Hydraulic Power Pack Considerations

Hydraulic Power Packs are the very heart of your Hydraulic Circuit, they need to be designed correctly.

What is the function of a hydraulic power pack?

The function of Hydraulic power pack is to convert a primary drive source (typically an electric motor or diesel engine) into a hydraulic flow which in turns moves a hydraulic cylinder, motor or actuator

Who was the original genius behind hydraulic power packs?

Laissez Pascal.  During the mid-seventeenth century, Laissez Pascal’s observed that when there is an increase in pressure at any point in a confined fluid, there is an equal increase at every other point in the container

What are the main components required for a Power Pack?

From a very basic power pack through to the more complex units, they all require a primary mover (motor or engine), Hydraulic Pump, Oil reservoir, A pump inlet filter (Strainer) & Pump outlet Filter (Pressure line)

Hydraulic power packs come in many different shapes and sizes; from very large (and generally stationary) industrial units through too much smaller and compact packs designed for mobile applications.  To ensure your power pack provides consistent and reliable performance, we first need to understand the application in which it will be used.

The following elements will all have an influence on the final power pack design: Operating Environment (ambient temperature) The number of cycles performed by the actuator/motor, pressure and flow requirements and finally, availability of a suitable power source for the primary driver (Electrical Motor or Engine)

The key elements for the Hydraulic Power Pack are described below.

Oil Reservoir

The hydraulic fluid reservoir holds excess hydraulic fluid to accommodate volume changes from: cylinder extension and contraction, temperature driven expansion and contraction, and leaks. The reservoir is also designed to aid in separation of air from the fluid and also work as a heat accumulator to cover losses in the system when peak power is used.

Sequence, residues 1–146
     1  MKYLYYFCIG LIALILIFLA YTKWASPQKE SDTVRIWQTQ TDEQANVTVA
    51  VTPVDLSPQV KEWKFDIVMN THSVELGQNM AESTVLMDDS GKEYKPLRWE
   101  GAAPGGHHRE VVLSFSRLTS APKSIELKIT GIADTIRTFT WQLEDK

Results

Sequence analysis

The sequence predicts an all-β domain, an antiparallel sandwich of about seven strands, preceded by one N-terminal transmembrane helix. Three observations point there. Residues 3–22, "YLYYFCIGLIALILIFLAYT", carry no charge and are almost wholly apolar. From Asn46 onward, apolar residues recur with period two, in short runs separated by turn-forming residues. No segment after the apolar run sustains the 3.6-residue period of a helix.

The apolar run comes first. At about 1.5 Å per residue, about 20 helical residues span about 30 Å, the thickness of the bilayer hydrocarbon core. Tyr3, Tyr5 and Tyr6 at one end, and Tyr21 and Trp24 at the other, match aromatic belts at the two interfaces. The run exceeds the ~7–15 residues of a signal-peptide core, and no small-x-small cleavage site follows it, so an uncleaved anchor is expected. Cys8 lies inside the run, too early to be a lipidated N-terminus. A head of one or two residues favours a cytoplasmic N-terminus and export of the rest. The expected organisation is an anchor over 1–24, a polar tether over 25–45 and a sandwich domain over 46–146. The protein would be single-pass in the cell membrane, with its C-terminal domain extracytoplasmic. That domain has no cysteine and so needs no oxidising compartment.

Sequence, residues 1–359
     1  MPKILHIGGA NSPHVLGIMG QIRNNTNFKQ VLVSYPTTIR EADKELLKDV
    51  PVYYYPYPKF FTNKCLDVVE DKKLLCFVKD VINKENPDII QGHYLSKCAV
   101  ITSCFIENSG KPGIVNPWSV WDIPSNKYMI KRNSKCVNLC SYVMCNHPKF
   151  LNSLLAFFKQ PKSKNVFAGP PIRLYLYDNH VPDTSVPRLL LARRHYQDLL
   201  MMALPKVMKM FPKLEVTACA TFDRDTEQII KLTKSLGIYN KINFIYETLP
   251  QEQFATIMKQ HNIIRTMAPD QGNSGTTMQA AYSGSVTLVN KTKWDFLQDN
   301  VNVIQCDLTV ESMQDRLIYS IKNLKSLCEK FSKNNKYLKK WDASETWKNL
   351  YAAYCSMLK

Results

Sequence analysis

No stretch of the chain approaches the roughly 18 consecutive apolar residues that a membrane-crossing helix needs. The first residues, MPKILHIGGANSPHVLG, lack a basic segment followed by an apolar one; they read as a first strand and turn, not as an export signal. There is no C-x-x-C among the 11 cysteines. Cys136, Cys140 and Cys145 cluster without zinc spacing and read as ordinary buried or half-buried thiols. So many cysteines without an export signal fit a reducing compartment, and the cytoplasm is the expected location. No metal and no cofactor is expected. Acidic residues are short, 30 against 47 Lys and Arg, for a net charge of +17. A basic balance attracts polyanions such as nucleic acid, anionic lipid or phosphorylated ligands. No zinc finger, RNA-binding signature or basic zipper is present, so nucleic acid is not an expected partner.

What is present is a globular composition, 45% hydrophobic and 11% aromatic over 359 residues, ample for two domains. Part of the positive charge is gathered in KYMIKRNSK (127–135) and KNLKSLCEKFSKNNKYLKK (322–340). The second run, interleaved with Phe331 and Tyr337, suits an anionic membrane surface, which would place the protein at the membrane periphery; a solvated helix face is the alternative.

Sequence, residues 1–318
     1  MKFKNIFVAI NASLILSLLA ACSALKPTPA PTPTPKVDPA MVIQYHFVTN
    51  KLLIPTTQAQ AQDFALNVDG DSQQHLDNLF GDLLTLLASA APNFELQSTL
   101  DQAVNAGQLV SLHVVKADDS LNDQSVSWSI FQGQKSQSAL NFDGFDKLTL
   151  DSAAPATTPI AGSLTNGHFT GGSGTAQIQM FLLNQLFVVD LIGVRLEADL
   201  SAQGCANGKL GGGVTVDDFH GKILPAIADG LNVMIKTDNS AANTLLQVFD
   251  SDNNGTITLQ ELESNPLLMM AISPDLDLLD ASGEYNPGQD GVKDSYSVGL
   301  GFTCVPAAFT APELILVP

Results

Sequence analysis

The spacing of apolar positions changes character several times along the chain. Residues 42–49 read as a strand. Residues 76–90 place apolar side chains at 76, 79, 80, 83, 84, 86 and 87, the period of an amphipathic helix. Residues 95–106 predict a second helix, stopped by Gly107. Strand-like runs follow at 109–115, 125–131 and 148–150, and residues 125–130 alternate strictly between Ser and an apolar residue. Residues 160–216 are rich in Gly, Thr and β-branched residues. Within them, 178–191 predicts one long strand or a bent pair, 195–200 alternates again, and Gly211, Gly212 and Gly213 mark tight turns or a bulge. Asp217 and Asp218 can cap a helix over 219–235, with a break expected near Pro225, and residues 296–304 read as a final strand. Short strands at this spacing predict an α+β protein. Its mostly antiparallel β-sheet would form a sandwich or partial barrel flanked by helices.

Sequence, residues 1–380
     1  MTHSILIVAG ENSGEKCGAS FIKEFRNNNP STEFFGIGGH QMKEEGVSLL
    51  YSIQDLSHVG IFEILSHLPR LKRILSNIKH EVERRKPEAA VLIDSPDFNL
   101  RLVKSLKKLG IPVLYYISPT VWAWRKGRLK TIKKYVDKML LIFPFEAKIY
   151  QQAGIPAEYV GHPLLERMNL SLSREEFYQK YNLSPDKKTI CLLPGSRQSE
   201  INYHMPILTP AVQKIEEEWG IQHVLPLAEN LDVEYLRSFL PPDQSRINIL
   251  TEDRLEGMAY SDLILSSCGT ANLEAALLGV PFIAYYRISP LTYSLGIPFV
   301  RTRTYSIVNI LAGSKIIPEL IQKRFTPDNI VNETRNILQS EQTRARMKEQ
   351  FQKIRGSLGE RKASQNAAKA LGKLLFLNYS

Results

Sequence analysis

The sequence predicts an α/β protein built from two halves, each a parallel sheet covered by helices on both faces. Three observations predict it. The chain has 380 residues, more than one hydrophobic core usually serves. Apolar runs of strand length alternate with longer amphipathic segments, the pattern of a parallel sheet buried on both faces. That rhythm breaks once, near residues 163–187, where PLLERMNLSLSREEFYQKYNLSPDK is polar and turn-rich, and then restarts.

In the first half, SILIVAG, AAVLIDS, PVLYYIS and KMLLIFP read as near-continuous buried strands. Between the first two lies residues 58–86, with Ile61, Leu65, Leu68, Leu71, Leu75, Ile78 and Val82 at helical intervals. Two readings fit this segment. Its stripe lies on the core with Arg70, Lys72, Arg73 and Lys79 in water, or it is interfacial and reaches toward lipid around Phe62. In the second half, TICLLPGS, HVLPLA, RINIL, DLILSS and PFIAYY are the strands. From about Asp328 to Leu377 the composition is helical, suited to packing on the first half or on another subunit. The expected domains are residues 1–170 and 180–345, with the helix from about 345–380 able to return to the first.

Design engineers are always pressured to reduce the size of hydraulic reservoirs, while equipment operators always appreciate larger reservoirs. Reservoirs can also help separate dirt and other particulate from the oil, as the particulate will generally settle to the bottom of the tank. Some designs include dynamic flow channels on the fluids return path that allow for a smaller reservoir.

Primary Driver

The primary driver is the component that will drive the hydraulic pump and in turn, develop a flow of hydraulic oil.  Choice of primary driver will be dictated by the application in which the Hydraulic Power Pack is to be used.   For mobile applications typically we utilise the combustion engine output due to a lack of available electrical power.  Industrial power pack applications generally utilise electrical motors as their primary drivers.  Electric motors provide instant torque, smooth running and quiet operation.

All primary drivers have to be sized specifically for the particular power pack application; it will be their job to provide sufficient horsepower to drive a hydraulic pump capable of delivering the required flow and pressure for the hydraulic circuit.

To calculate the size of the primary mover (typically an electric motor or engine), we must first establish the size of the hydraulic pump to give the required flow for the system.  Once we have sized the pump, we then know the power required to drive the pump and specify the correct size motor or engine.

Hydraulic Pump

The choice of Hydraulic Pump will depend on various factors including, pressure, flow and duration of cycle.  A simple fixed displacement gear pump can be utilised for applications that require a constant flow and pressure (driving a hydraulic motor at a fixed speed for example)

Pressure compensated pumps provide a greater level of efficiency by providing pressure only when required.  These pumps are generally more expensive but will give improved performance.  Using a variable-displacement, pressure-compensated pump rather than a fixed-displacement pump reduces circuit horsepower requirements dramatically.

When calculating the power input to the pump, the total pump efficiency must be included. This efficiency is the product of volumetric efficiency. The average for axial piston pumps = 0.87. The formula shown on our fluid power formula page allows for an efficiency of 80%


Filtration Requirements

Filter efficiency is the most important but not the only factor involved when evaluating the filter design. A filter can be ineffective if it is installed in the wrong place and if it is given the wrong job.

When creating a filtration concept, some fundamental rules play a crucial role. For example, the hydraulic filter is always to reduce wear which means it should filter to a finer level than the critical tolerances. Filters should be used with the highest possible flow rate.

Suitable seals on cylinders and on breather filters should prevent contamination from entering the system etc. Therefore we can distinguish between protective filters and working filters.